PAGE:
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Beckmann Variations & Other Poems


--Abst├╝rzender (Falling Man), 1950

It is great to fall, it will be important if I plunge
this way, as it would not be great to be entangled.

But if I plunge head down, feet clear and don't catch
on a building ledge, I will swoop past the structure

blazing in flames on my right, go past the open window
to my left where one sees some compact of love, violent

and contorted, is acted out. I admit, it is great to fall, great
not to fear snagging on the buildings to the right or to the left,

wonderful to fall free from clouds swirled in turbulence,
passing toward the blue of the sea where a small boat sails,

where gulls fly like avenging angels, and the momentous inevitable
wheel of life and death has a benign dusty shine. I am going down,

dropping toward the cannibal plants, the cacti and venus fly-traps,
unnameable greens and jaundiced yellows. Down.

BECKMANN'S ABST├ťRZENDER (FALLING MAN) (1950) struck me as an image of pathos, suffused with the knowledge that an artist's work is a noticing rather than an action that can promise immediate results. This painting, among Beckmann's very last and so appearing near the end of the exhibition we had walked through, boded both dread and hope. This was my impression at least, on the day we crossed back over the bridge together to London's north side. We were unusually silent, and did not really converse again until we had boarded one of those cheery red No. 5 buses heading toward Angel.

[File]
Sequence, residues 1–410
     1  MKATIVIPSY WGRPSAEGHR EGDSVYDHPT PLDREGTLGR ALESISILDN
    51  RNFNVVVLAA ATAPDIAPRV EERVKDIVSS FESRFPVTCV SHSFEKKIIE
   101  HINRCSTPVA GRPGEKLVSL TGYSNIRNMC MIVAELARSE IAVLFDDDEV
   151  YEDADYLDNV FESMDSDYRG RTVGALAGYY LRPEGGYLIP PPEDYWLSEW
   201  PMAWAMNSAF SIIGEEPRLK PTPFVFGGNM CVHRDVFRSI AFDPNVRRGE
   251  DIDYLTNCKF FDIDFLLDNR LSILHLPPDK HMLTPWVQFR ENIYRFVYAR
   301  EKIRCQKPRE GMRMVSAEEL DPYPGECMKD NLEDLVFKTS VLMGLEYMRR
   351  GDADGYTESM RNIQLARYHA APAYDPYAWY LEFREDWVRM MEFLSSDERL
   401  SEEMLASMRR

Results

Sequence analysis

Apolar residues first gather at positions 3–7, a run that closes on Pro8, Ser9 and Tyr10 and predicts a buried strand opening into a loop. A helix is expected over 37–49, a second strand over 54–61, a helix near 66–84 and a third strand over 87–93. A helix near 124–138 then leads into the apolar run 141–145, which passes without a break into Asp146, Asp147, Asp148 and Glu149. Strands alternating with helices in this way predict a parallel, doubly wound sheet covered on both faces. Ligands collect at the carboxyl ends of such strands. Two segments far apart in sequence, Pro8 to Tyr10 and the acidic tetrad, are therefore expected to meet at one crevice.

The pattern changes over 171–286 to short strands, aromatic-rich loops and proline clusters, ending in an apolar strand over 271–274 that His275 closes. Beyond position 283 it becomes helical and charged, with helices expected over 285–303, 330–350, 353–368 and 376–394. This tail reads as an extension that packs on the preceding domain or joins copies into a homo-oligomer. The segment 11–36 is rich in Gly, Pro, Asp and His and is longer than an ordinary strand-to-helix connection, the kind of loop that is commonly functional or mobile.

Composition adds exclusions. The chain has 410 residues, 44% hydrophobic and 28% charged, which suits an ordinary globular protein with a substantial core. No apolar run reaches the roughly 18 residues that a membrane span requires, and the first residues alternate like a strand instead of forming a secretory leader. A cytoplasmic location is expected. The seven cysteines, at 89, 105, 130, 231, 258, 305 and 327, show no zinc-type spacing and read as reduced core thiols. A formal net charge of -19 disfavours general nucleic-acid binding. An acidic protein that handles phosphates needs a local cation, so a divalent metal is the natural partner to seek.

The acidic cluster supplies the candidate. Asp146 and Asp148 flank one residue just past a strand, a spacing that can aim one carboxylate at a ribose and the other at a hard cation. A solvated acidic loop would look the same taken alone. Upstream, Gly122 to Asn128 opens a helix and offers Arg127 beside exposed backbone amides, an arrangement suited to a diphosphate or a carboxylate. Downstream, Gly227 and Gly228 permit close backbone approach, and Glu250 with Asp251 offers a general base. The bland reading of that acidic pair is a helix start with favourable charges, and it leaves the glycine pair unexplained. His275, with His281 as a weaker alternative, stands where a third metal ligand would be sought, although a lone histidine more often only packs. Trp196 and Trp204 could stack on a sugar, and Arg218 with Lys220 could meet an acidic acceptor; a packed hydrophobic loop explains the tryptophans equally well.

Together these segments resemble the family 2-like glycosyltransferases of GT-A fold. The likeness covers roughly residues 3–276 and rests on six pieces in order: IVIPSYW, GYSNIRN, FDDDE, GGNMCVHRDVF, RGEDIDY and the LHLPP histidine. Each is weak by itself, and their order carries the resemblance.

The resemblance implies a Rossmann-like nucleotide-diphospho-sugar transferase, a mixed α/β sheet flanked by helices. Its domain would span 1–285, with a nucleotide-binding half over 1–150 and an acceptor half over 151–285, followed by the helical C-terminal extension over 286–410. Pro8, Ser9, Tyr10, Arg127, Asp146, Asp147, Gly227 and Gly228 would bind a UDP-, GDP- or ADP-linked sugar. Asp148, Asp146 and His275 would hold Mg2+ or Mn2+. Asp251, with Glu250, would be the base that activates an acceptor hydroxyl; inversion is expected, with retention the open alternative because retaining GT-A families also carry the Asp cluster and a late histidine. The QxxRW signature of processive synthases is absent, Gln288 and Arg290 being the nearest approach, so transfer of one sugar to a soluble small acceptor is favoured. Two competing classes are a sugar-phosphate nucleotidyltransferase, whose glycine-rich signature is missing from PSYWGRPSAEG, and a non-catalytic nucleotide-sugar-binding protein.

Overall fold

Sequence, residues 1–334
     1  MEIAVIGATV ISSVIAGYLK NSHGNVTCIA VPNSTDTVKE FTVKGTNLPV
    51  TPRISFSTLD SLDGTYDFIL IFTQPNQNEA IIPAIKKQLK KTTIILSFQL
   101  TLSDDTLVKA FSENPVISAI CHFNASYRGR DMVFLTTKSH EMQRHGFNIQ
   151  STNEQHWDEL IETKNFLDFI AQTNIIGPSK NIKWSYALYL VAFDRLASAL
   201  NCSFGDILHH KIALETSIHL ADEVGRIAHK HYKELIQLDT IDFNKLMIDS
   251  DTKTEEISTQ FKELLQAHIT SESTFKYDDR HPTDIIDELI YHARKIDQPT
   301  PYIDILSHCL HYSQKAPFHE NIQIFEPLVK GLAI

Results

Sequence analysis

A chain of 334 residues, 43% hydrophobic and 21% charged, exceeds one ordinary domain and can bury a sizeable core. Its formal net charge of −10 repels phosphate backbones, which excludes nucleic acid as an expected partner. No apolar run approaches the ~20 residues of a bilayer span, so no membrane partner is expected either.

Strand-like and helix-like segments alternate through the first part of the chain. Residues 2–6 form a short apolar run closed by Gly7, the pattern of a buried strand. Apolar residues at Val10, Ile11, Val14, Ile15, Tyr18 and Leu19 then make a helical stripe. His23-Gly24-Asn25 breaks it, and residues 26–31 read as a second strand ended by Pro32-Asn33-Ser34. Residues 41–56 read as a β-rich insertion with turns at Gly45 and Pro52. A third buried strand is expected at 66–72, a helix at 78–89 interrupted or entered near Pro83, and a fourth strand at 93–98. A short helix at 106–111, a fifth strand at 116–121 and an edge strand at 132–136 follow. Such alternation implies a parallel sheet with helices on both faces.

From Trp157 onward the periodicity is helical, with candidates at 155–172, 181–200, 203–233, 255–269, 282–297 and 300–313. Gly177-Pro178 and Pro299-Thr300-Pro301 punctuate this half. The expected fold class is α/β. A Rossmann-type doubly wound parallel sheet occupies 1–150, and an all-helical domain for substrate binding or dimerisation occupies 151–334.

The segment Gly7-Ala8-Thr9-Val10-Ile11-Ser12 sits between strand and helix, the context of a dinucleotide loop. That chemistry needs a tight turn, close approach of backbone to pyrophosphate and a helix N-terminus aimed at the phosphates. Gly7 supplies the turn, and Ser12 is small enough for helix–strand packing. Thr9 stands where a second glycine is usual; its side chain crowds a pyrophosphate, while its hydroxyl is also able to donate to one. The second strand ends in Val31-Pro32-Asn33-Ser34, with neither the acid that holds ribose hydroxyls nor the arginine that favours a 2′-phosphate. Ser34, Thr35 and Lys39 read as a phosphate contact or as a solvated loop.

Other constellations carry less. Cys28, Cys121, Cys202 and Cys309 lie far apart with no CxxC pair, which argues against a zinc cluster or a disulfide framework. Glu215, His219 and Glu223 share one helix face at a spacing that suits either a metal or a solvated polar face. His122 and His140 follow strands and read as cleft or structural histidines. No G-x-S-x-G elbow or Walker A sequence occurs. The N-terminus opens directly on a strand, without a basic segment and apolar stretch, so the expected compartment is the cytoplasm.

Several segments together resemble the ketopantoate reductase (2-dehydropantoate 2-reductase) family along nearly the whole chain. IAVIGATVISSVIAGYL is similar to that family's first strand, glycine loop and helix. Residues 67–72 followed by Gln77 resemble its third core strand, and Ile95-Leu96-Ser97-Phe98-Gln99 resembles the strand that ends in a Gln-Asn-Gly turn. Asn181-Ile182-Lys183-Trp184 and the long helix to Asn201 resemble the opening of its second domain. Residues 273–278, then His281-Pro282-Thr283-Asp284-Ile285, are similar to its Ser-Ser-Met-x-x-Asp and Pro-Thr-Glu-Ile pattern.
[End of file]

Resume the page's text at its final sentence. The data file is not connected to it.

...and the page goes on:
Fallen Man. It was hard to shake the image. Beckmann's prescience or my own deeply lodged psychic imprints revived in my mind the photos from September 11th, 2001, of people who had flung themselves downward from the World Trade Center towers. And only two years after we saw the Beckmanns, young men on a suicide mission, possibly in the name of religion, exploded bombs in the London Underground on the very day we were flying from New York to Heathrow to visit our friends in Islington. They told us that one bomber had blown himself up on the No. 30 bus, the one we had often taken that wound its way down into the heart of Bloomsbury. These events drove my thoughts violently back to our trip to the Tate. They reminded me that 17th century St. Paul's and the 21st century Beckmann exhibition both contain paintings of spiritual significance, that both display religious-seeming triptychs, art works which had made our walk over the bridge ironically an arc across the human condition. And in our war- and atrocity-ridden time, the journey seemed entirely one way, towards Beckmann.